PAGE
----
Research has shown that the most common problem encountered after discharge from the clinic is colic, so one or more episodes in the year after surgery may not be unexpected. Many of these episodes are minor and cause no further problems, but some may be more severe, requiring further surgery or euthanasia.

These episodes are usually thought to be associated with adhesion formation, particularly after small intestinal surgery, or recurrence of the problem (more common in certain large colon disorders).

So is colic surgery in horses worth it?

The prognosis is good for most horses and ponies undergoing colic surgery, provided it is undertaken early. A delay of several hours in a horse with intestinal strangulation — where the blood supply to the intestine is lost — can change the prognosis from good to extremely poor.

The costs involved are anything from £2,000 upwards, depending on various factors. This is due to the number of skilled personnel required and the expense of medical therapy; for example, anaesthetics and intravenous fluids are more expensive for a horse than a much smaller animal. Invariably, the horses that are extremely sick when they arrive at the clinic tend to require more intensive — and expensive — care following surgery, but, even in horses that appear to stand a good chance of survival, unexpected complications may occur.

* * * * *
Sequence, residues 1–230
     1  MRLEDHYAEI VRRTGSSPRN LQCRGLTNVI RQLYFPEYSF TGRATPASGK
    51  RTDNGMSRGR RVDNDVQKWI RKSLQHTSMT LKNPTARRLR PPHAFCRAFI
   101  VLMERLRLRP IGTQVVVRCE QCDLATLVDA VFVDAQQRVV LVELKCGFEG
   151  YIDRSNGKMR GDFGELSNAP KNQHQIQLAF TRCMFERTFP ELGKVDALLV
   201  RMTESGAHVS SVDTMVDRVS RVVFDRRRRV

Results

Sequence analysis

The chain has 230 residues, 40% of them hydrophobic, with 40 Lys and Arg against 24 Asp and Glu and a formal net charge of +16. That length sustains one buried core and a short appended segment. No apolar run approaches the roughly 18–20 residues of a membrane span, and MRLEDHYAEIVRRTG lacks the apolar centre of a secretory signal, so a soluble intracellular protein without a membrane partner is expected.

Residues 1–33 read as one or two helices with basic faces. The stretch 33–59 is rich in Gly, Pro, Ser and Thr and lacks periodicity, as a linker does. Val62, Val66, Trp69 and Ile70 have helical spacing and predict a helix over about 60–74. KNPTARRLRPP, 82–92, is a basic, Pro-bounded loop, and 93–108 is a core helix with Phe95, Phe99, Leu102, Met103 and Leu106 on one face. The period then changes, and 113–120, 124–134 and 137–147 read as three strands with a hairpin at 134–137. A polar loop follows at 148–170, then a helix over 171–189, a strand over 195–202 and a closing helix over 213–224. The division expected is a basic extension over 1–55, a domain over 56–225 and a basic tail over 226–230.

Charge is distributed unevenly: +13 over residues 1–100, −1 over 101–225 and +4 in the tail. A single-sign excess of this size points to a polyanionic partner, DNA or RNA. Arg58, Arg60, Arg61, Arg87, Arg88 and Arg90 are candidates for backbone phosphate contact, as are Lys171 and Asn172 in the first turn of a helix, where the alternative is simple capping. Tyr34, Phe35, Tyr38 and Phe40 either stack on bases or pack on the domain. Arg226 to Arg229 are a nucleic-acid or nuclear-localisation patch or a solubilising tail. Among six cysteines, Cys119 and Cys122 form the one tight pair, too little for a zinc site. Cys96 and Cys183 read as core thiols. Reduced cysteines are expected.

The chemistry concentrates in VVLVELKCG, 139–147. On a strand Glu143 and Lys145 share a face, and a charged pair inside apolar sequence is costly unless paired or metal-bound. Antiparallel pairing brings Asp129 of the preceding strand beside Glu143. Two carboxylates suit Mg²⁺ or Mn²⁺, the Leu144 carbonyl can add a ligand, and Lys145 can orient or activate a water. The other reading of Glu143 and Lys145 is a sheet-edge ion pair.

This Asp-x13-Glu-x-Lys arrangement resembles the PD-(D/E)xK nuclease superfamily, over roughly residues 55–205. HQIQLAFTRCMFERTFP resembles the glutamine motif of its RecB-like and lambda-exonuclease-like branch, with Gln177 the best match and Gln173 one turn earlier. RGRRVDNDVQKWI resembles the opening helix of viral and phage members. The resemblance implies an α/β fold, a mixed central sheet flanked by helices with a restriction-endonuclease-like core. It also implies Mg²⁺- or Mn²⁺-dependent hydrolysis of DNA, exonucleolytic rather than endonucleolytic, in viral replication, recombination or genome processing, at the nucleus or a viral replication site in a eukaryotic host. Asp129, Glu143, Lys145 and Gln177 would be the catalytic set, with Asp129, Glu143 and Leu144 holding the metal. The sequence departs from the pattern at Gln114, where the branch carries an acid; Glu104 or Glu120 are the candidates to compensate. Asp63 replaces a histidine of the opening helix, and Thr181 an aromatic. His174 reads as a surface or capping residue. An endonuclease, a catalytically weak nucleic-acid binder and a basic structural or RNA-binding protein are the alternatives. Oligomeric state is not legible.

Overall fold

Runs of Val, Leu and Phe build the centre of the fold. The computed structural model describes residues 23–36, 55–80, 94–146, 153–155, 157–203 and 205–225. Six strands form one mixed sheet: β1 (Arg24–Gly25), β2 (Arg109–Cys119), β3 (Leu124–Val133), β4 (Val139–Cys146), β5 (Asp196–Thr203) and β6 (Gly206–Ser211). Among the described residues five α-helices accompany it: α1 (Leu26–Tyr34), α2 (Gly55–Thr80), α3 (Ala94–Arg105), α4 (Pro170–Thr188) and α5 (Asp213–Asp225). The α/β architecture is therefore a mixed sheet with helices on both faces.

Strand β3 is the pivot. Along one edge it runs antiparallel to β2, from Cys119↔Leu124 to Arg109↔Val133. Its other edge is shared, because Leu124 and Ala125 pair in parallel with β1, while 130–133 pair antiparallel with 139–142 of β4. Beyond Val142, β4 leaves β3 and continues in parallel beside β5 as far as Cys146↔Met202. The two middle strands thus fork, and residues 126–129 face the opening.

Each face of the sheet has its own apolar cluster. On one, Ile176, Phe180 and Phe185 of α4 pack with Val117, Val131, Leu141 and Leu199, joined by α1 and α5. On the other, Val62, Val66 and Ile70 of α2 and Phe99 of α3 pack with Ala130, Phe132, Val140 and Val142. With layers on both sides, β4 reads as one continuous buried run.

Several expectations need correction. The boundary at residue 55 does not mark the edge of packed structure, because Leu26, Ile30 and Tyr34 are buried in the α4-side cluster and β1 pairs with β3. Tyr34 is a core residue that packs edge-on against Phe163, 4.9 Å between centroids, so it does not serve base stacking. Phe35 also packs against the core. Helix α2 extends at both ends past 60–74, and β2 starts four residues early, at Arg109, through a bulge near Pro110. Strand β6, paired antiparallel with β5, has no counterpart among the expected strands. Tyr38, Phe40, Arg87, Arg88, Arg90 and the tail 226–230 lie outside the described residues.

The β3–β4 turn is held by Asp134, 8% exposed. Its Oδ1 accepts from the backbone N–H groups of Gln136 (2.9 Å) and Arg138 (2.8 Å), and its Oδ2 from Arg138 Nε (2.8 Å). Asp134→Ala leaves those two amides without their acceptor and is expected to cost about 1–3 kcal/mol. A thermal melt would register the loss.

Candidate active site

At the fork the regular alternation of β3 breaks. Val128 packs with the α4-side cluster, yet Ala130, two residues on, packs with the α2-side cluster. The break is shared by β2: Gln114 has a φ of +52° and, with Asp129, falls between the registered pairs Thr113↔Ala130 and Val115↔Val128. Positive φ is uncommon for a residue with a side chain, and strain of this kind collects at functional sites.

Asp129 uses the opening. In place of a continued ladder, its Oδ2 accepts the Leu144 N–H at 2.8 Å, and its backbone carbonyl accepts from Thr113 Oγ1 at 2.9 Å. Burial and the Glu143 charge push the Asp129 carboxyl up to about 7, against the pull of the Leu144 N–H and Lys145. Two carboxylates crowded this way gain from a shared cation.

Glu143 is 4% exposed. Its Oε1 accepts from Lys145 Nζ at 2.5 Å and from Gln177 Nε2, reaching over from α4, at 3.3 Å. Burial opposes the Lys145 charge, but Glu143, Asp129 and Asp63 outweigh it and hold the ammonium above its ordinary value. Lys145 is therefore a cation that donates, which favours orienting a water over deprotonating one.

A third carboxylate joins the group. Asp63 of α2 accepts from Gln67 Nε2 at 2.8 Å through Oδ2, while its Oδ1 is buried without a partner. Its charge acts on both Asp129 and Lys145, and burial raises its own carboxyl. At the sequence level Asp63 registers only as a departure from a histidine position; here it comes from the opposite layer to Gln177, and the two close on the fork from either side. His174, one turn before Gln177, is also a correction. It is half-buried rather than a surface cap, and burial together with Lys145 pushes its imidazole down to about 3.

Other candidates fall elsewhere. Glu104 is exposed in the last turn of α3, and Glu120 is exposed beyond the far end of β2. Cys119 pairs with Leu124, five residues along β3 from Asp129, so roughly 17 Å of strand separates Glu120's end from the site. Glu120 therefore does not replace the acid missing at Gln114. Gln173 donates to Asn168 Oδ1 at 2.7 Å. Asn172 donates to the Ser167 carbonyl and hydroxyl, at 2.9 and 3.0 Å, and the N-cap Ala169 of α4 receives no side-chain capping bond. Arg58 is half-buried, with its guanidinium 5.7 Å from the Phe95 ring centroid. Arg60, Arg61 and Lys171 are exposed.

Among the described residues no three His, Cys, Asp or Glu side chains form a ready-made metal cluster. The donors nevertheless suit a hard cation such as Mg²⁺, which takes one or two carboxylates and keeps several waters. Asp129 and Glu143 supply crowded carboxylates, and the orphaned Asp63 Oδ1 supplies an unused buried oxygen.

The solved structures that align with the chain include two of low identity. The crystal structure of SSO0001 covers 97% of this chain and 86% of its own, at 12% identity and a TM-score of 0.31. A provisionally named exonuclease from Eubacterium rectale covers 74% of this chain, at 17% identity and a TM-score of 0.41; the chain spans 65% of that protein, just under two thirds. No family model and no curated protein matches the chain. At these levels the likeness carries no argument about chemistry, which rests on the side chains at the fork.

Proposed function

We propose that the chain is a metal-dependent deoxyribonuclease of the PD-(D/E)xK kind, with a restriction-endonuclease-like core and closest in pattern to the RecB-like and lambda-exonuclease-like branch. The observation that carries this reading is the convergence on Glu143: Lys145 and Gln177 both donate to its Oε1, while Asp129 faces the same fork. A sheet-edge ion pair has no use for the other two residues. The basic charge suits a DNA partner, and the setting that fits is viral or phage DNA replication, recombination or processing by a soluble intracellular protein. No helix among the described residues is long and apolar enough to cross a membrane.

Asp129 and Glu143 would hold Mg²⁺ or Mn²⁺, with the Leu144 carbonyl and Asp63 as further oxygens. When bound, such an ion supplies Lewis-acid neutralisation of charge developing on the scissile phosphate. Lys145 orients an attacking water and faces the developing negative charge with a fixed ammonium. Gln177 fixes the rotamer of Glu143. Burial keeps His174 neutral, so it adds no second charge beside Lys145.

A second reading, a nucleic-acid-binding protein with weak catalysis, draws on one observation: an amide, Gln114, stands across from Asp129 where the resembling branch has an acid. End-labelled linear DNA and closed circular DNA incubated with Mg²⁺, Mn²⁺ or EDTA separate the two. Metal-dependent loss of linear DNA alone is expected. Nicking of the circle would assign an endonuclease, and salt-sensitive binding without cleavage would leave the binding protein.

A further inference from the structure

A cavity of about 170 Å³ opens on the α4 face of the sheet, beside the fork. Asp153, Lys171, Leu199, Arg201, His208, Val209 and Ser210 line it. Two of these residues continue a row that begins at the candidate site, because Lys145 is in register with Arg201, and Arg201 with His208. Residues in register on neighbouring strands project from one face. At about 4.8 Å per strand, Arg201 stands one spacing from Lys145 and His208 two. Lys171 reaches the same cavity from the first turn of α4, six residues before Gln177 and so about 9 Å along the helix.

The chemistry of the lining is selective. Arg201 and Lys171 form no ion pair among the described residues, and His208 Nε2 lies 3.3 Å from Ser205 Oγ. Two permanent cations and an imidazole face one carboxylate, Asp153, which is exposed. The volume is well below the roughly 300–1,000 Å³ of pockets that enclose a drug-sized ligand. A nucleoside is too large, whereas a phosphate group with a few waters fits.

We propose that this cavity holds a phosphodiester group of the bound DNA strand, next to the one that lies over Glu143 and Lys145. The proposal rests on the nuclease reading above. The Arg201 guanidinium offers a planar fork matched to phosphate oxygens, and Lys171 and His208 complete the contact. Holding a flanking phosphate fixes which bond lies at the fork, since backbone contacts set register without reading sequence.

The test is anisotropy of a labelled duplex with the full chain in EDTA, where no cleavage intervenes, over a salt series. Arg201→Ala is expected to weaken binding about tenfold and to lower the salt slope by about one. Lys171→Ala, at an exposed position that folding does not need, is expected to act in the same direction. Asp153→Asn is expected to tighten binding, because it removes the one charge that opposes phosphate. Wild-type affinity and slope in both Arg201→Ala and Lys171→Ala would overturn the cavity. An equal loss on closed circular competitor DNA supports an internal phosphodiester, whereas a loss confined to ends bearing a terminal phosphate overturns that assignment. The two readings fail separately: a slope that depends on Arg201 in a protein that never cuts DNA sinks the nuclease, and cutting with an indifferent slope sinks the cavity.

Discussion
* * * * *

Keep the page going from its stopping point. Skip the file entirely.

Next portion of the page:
Unfortunately, there is no guarantee of success and an owner may be left with a large bill and no horse. Good communication between owners and carers of horses undergoing colic surgery, the hospital team and the referring vet is vital to discuss the patient’s chance of survival, likely complications, costs and aftercare following discharge from the clinic.

Continued research will further improve survival rates following colic surgery and, in common with humans, some focus will be on minimising the harmful effects of endotoxins and preventing adhesions forming. However, the single most important factor in giving a horse or pony the best chance of survival following colic surgery remains early referral.

  • This veterinary feature was first published in Horse & Hound